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Is it Crazy to Talk to Your Dog?

Bedtime stories for your canine friend?

While watching this year’s State of the Union address, I turned to our mini goldendoodle, who’d settled on the couch, to ask, “Doesn’t John Boehner look dazed, Charlie?” After an attentive tilt of the head, Charlie replied with an upward trending vocalization that I’ll render in English as “hm↓↑mmua?↑,”as if to say, “run that by me again?” To be fair to the Speaker of the House of Representatives, the White House does schedule this annual address inconveniently well past cocktail hour. And to be fair to Charlie the Dog, so far as I can tell, he doesn’t follow politics.

But Charlie does clearly follow the intonations of my voice, the attitude of my body, the direction of my gaze, and the bearing and urgency of my gestures. And he shares this attention to human speech and body language with most others of the subspecies canis lupus familiaris, descendents of friendly grey wolves who have been dogging our steps for at least 15,000 years, and possibly for much longer.

Charlie, author's dog

Charlie

Over the long and short haul, dogs learned to warm us at night and protect our perimeters. The ones that stuck with us in the fullness of time also learned to discern our speech by capitalizing abilities that packs had long used to communicate: dogs have an ear for the meaning of yips, yaps, yowls, howls, squeals, snarls, growls, and barks. And so, some dogs now can also master a surprisingly useful human vocabulary about as large as the volume of words that dolphins or great apes can remember and interpret. And dogs can learn vocabulary in startlingly clever ways. In 2008 researchers at the Max Planck Institute for Evolutionary Anthropology in Leipzig discovered that their wonder dog, Rico, could pick out a brand new toy from his large collection by deducing that this was the only object given a name that he did not yet know. “Exclusion learning,” the researchers termed the method.

Like most dog owners do, we ask our Charlie to locate an item—red ball, big ball, barbell, hoop, doughnut, rubber bone, or Scarecrow or Fox (these last two are but chewed remnants)—and he finds them successfully. The chances he’ll bring one back or not proves to be no better than a coin toss, which I attribute to his ancestry lying only 50% in the retriever line. But the act of asking and the response of finding is a conventional, wordless, dog-human conversation.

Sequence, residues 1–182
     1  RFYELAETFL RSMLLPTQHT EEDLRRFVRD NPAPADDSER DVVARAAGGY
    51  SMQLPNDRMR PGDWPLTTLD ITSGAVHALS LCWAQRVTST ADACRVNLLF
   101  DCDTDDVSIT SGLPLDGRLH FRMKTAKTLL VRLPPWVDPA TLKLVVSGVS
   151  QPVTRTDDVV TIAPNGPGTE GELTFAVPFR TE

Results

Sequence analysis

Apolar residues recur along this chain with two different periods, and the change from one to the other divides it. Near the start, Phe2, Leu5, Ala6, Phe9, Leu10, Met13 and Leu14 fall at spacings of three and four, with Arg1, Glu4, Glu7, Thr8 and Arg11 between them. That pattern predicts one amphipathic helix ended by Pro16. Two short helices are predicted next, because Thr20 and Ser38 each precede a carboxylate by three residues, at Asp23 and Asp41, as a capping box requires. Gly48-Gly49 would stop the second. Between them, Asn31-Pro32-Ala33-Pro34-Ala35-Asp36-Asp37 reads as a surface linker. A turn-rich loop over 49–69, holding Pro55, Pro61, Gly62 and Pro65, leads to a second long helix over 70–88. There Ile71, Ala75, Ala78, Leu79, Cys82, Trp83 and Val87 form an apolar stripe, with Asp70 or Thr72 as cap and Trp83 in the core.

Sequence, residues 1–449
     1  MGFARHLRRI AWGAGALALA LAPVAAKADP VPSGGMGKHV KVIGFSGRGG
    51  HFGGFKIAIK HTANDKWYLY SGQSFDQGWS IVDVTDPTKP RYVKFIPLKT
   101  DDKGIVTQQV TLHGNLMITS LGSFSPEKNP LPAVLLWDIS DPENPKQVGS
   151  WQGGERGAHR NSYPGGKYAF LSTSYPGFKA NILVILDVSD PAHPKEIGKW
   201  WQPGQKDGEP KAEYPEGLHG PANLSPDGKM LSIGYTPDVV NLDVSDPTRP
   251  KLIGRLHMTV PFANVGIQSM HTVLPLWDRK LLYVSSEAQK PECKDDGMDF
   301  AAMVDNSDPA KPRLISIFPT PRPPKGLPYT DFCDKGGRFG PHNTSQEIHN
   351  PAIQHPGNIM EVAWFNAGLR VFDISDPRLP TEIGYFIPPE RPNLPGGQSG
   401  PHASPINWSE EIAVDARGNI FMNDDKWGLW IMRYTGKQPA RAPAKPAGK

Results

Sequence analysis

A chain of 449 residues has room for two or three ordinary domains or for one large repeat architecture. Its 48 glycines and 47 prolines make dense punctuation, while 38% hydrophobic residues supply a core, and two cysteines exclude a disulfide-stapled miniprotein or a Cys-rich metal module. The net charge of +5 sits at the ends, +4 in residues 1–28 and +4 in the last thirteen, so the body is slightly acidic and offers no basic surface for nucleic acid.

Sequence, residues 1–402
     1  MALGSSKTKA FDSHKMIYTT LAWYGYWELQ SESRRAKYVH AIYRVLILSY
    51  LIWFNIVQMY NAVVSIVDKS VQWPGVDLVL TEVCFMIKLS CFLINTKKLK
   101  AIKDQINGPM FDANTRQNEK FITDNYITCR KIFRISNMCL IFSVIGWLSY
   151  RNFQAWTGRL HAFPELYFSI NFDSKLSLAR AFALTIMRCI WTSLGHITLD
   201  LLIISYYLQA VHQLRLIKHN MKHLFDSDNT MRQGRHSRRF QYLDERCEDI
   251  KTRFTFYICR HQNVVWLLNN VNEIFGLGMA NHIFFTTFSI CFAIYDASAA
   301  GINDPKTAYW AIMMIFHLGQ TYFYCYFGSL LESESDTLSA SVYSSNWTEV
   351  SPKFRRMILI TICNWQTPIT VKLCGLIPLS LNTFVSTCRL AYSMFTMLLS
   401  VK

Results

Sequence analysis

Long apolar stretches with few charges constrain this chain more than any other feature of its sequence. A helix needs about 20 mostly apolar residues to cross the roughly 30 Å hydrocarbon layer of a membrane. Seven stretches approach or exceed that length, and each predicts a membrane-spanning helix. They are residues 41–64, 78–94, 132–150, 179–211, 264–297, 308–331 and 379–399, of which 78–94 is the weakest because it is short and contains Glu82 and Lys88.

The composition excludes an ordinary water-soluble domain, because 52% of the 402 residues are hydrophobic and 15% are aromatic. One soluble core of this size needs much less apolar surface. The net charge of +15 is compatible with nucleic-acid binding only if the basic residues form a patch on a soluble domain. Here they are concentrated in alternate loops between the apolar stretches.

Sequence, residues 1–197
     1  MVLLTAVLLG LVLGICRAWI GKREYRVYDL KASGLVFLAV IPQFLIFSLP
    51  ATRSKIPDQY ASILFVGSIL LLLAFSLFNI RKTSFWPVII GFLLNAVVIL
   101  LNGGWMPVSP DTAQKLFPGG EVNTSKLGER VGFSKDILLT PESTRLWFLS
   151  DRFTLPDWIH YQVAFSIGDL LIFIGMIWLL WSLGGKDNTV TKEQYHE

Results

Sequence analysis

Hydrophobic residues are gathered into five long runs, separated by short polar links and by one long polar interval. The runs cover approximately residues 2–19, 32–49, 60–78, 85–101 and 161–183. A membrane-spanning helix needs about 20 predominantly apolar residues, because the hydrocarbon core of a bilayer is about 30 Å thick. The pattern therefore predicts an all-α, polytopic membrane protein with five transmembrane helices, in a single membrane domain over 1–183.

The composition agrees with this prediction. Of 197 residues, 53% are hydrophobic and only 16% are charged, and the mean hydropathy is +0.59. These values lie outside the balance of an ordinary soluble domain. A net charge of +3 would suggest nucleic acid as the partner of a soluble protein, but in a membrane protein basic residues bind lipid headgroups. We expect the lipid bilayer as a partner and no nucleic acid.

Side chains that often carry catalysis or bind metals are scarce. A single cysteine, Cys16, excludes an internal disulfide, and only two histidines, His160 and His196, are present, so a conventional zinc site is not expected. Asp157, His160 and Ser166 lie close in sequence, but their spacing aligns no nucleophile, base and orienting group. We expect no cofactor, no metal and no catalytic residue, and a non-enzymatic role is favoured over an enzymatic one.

It may strike you as more than a bit loopy when I tell you further that our Charlie enjoys bedtime stories and that I enjoy telling them.

These tales chase no traditional narrative marked with a beginning, middle, and end. In fact they consist almost entirely of proper nouns evoked in succession. Still, for Charlie, they have high emotive content. Just as his eyes droop, I’ll tell him the one about his dog acquaintances: “Remember Oscar? (Charlie’s eyes flicker.) Luca? (I see one nostril twitch at the memory of his wrestling buddy.) Brownie? How about Brownie? (The ears perk up.) And Jackson, you know Jackson with the under-bite? (He lifts his head.) And Olive! At the mention of the French bulldog next door—a charging, bowling ball-shaped mass made of dark-star matter—Charlie gives a soft, urgent groan, “arahnn↑yah↓.”

Is it crazy to talk to your dog? The funniest answer, “only if he talks back!” During Obama’s address had I heard Charlie say, “The Representative from Ohio does look a bit green about the gills, Scotch-o!” I’d be in some trouble. But the best and most useful answer is that communicating with humankind’s best friend is often a kind of mutually enjoyable play.

 

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